Why leadership, not Congress, is key to acquisition reform

NCMA Executive Director Michael Fischetti and Tom Davis, former chairman of the House Oversight and Government Reform Committee, conclude that better leadership...

By Jory Heckman
Federal News Radio

Industry leaders agree it’s necessary to reform the acquisition process for agencies, but talking about the problem doesn’t solve it.

“There’s a lot of different opinions and concepts of what acquisition should be. Everything from ‘Blow it up and start from scratch,’ to ‘We need to buy more like commercial, we may need tweaking of existing law and regulation,’ Michael Fischetti, executive director of the National Contract Management Association, told Francis Rose on his In Depth radio show. “I believe it’s certainly on Congress’ radar — and I think they want to do the right thing, honestly, but I don’t know if there’s any consensus. It’s going to be interesting to see how they react to this in the short run.”

Fischetti, along with Tom Davis, director of government relations at Deloitte and former chairman of the House Oversight and Government Reform Committee, come to the conclusion that better leadership, not more legislation, proves effective in getting the acquisition process where it needs to be.

“I think Congress has been listening. I know that there are committees that have been collecting comments, and the nature of the comments seems to be all over the place. There seems to be no consensus or trend,” Fischetti said.

But when it comes to leadership, Davis said Congress has not made acquisition a priority because too few members have any interest in contracting.

Tom Davis
“In terms of members who understand this stuff from top to bottom, there just aren’t many of them. It’s not a very attractive political issue and most people don’t pin their political fortunes on government acquisitions policy,” Davis said in a separate interview on In Depth with Francis Rose.

When it comes to contracting, Davis, who was a government contracts attorney before seeking public office, said Congress tends to legislate based on personal experiences rather than comb through facts and numbers.

“They legislate anecdotally — they have a friend who had a contract that went awry, or they didn’t win something that they thought they should have won,” Davis said. “It’s been hard to find members who have a keen interest in this since I left.”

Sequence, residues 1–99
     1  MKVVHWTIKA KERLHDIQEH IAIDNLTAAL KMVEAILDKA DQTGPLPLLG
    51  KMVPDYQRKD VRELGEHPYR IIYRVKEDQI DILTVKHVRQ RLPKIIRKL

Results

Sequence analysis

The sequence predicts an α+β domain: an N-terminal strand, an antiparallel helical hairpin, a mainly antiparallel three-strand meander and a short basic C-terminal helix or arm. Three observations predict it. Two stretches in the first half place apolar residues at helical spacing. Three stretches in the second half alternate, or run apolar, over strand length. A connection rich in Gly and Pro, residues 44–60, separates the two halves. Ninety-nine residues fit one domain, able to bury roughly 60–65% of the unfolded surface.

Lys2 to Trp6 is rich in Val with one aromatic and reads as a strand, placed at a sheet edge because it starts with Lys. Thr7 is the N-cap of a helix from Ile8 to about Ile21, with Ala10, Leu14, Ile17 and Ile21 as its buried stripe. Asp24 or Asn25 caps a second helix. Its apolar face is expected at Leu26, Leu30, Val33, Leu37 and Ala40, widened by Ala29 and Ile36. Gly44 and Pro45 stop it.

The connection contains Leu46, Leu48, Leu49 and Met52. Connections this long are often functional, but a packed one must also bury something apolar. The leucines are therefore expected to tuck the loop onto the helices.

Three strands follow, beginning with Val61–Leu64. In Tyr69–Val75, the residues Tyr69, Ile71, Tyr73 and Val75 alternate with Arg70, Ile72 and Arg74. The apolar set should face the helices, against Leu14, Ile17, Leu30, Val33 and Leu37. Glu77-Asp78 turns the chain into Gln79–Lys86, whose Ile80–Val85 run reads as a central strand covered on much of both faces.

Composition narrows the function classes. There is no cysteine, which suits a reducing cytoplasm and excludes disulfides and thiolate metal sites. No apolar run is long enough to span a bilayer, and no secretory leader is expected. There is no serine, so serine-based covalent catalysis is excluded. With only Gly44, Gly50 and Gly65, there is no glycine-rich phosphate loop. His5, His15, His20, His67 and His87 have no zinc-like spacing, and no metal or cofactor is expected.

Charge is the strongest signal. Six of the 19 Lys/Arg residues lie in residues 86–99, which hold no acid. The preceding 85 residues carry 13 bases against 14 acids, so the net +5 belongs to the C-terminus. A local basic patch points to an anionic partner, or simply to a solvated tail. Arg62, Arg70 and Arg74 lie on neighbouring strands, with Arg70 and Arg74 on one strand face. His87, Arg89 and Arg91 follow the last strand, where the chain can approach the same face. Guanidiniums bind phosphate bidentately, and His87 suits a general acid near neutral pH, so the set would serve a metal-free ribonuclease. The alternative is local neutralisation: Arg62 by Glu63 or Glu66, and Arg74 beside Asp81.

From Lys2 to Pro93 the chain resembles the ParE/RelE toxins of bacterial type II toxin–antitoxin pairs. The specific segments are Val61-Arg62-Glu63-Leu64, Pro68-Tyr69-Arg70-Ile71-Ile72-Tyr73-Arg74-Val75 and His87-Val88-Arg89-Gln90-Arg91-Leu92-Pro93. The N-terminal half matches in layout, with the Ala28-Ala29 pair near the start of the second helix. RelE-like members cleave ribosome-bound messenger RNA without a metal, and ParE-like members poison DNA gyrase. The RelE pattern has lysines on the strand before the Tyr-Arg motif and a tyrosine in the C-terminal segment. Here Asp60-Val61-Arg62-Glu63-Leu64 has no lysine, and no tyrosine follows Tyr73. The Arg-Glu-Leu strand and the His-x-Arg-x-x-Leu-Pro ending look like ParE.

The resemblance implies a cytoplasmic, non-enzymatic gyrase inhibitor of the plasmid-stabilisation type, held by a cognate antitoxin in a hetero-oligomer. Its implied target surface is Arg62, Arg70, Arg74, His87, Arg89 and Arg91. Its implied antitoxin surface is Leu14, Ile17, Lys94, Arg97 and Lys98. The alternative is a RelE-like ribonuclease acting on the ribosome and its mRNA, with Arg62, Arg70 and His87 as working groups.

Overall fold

Listen to Tom Davis discuss Congress’ role in acquisition reform.

Members of Congress can see the symptoms of the problem, Fischetti said, but fixing the problem requires a more nuts-and-bolts approach.

“Contracting and acquisition is a very visible issue. People know when there’s a protest, people know when a website doesn’t go up. People know if a plane doesn’t perform as it’s expected to,” Fischetti said. “But I would argue that it’s also a symptom of other concerns within an agency or within an enterprise.”

Mike Fischetti
Among those that Davis considers knowledgeable about acquisitions policy are Reps. Gerry Connolly (D-Va.), who replaced Davis in office, Mac Thornberry (R-Texas), the vice chairman of the House Armed Services Committee, and Darrell Issa (R- Calif.), chairman of the House Oversight and Government Reform Committee. Sen. Mark Warner (D- Va.) also made Davis’ shortlist of members knowledgeable about acquisition policy.

When acquisition problems do spring up within agencies, Fischetti said he doesn’t pin all the blame on the chief acquisition officers. Rather, he said, a lot can go wrong with all the moving parts involved, from start to finish, in an agency’s process.

“It takes a long time and there’s a lot involved and a lot of infrastructure that can result in whatever the issue is that’s on the horizon. And in an outsource environment, it’s become ever more important. Things are done through contract,” Fischetti said.

Listen to Mike Fischetti’s full interview with In Depth host Francis Rose.

But the solution to the acquisition problem, Fischetti said, doesn’t come in the form of more bills in Congress.

“It’s not necessarily legislative. I think it’s leadership, it’s smart people. A lot of people already involved in this process, many of them have ideas. Let’s make sure that before we act, we ask everybody involved what they think,” Fischetti said. “Get down a little bit to the rank and file, the so-called bureaucracy. Those are people who are trying to do a good job, and probably there’s good reason why or why not things didn’t happen. Things that are not necessarily issues people want to hear, but sometimes it has to happen. It comes down to leadership or management issues.”

The tools for reform, good leadership among them, already exists, Fischetti said. It’s just a matter of using those tools intelligently within agencies, he said.

“Existing regulation allows for a wide variety of things to be happening. It’s just a matter of how we implement it and when we implement it,” Fischetti said. “You’ve heard about LPTA, it’s become an infamous acronym for ‘Low Price, Technically Acceptable.’ But the key point is technically acceptable.”

Finding that right balance between contracting cost and quality, Fischetti said, is a step in the right direction.

“Pretty much, most agencies are in one form or another overseeing some sort of contracted process, and I think part of it is everyone owning up to that responsibility.”

More from the special report, Missing Pieces of Procurement Reform:

Acquisition workers as critical thinkers

31 ideas for reforming DoD contracting

Acquisition quiz: True or false?

Why leadership, not Congress, is key to acquisition reform

Successful DoD acquisition programs start with funding for the workforce

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